Reference:   The Consistent Christian, 1660.


Author: William Secker
Topics: Pride-Dangers
9.
By fasting, the body learns to obey the soul; by praying the soul learns to command the body.

By fasting, the body learns to obey the soul; by praying the soul learns to command the body.

Reference:   A Puritan Golden Treasury, compiled by I.D.E. Thomas, by permission of Banner of Truth, Carlisle, PA. 2000, p. 79.


10.
Ah, how would natural men soar to heaven – upon the pinions of their own merit! The sunbeams of Divine justice – will soon melt such weak and wax wings!

Ah, how would natural men soar to heaven – upon the pinions of their own merit! The sunbeams of Divine justice – will soon melt such weak and wax wings!

Reference:   The Consistent Christian, 1660.


11.
A true Christian stands at as great distance from trusting in the best of his services as in the worst of his sins! He knows that the greatest part of his holiness will not make the least part of his justifying righteousness.

A true Christian stands at as great distance from trusting in the best of his services as in the worst of his sins! He knows that the greatest part of his holiness will not make the least part of his justifying righteousness.

Reference:   The Consistent Christian, 1660.


12.
There are some things good but not pleasant, as sorrow and affliction. Sin is pleasant, but unprofitable; and sorrow is profitable, but unpleasant. As waters are purest when they are in motion, so saints are generally holiest when in affliction.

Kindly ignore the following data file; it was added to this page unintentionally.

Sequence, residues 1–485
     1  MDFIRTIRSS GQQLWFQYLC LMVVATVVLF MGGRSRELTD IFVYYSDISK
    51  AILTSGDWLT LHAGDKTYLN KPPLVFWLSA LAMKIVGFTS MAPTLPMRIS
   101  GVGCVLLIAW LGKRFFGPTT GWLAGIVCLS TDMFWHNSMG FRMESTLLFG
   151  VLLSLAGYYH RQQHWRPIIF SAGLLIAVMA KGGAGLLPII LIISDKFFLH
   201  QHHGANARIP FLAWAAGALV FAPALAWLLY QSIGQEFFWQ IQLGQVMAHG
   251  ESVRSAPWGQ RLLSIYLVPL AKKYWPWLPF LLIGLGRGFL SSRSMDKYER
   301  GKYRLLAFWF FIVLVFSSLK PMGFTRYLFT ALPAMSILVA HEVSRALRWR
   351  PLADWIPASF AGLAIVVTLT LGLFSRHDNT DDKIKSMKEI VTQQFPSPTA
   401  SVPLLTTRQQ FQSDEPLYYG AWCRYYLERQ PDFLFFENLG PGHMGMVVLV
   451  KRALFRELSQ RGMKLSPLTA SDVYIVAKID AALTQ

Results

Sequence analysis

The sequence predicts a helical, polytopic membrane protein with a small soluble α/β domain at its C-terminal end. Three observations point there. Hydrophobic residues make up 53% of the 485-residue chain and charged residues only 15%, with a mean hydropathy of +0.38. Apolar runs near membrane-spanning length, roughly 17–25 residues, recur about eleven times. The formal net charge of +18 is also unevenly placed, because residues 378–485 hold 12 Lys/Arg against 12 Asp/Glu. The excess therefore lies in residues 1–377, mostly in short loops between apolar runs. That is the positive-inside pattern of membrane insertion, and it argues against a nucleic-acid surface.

There are some things good but not pleasant, as sorrow and affliction. Sin is pleasant, but unprofitable; and sorrow is profitable, but unpleasant. As waters are purest when they are in motion, so saints are generally holiest when in affliction.

Reference:   A Puritan Golden Treasury, compiled by I.D.E. Thomas, by permission of Banner of Truth, Carlisle, PA. 2000, p. 285.


13.
It was the saying of a heathen though no heathenish saying, “That he who would be good, must either have a faithful friend to instruct him, or a watchful enemy to correct him.”

It was the saying of a heathen though no heathenish saying, “That he who would be good, must either have a faithful friend to instruct him, or a watchful enemy to correct him.”

Reference:   A Puritan Golden Treasury, compiled by I.D.E. Thomas, by permission of Banner of Truth, Carlisle, PA. 2000, p. 115.


Author: William Secker
Topics: Goodness
14.
A believer does not perform good works to live – but he lives to perform good works.

A believer does not perform good works to live – but he lives to perform good works.

Reference:   The Consistent Christian, 1660.


15.
The law by which God rules us is as dear to Him as the Gospel by which He saves us.

The law by which God rules us is as dear to Him as the Gospel by which He saves us.

Reference:   A Puritan Golden Treasury, compiled by I.D.E. Thomas, by permission of Banner of Truth, Carlisle, PA. 2000, p. 165.


16.
I would neither have you be idle in duties – nor make an idol of duties.

I would neither have you be idle in duties – nor make an idol of duties.

Reference:   The Consistent Christian, 1660.